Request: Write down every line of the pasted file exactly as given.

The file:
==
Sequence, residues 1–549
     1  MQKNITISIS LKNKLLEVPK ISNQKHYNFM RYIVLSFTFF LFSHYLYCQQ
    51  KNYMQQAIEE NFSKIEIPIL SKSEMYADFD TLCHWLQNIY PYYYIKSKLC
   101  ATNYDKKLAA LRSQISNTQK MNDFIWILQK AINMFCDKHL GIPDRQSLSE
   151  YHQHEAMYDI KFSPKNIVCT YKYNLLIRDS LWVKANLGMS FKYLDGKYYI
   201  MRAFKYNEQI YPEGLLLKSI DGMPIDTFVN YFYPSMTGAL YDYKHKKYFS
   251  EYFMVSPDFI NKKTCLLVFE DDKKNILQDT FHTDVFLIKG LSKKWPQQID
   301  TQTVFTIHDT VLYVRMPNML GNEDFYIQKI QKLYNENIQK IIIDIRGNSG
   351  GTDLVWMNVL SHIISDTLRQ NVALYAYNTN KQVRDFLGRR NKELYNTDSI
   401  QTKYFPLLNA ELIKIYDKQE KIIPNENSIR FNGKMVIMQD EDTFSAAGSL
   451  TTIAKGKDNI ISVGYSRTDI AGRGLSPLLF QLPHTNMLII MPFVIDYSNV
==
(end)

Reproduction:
Sequence, residues 1–549
     1  MQKNITISIS LKNKLLEVPK ISNQKHYNFM RYIVLSFTFF LFSHYLYCQQ
    51  KNYMQQAIEE NFSKIEIPIL SKSEMYADFD TLCHWLQNIY PYYYIKSKLC
   101  ATNYDKKLAA LRSQISNTQK MNDFIWILQK AINMFCDKHL GIPDRQSLSE
   151  YHQHEAMYDI KFSPKNIVCT YKYNLLIRDS LWVKANLGMS FKYLDGKYYI
   201  MRAFKYNEQI YPEGLLLKSI DGMPIDTFVN YFYPSMTGAL YDYKHKKYFS
   251  EYFMVSPDFI NKKTCLLVFE DDKKNILQDT FHTDVFLIKG LSKKWPQQID
   301  TQTVFTIHDT VLYVRMPNML GNEDFYIQKI QKLYNENIQK IIIDIRGNSG
   351  GTDLVWMNVL SHIISDTLRQ NVALYAYNTN KQVRDFLGRR NKELYNTDSI
   401  QTKYFPLLNA ELIKIYDKQE KIIPNENSIR FNGKMVIMQD EDTFSAAGSL
   451  TTIAKGKDNI ISVGYSRTDI AGRGLSPLLF QLPHTNMLII MPFVIDYSNV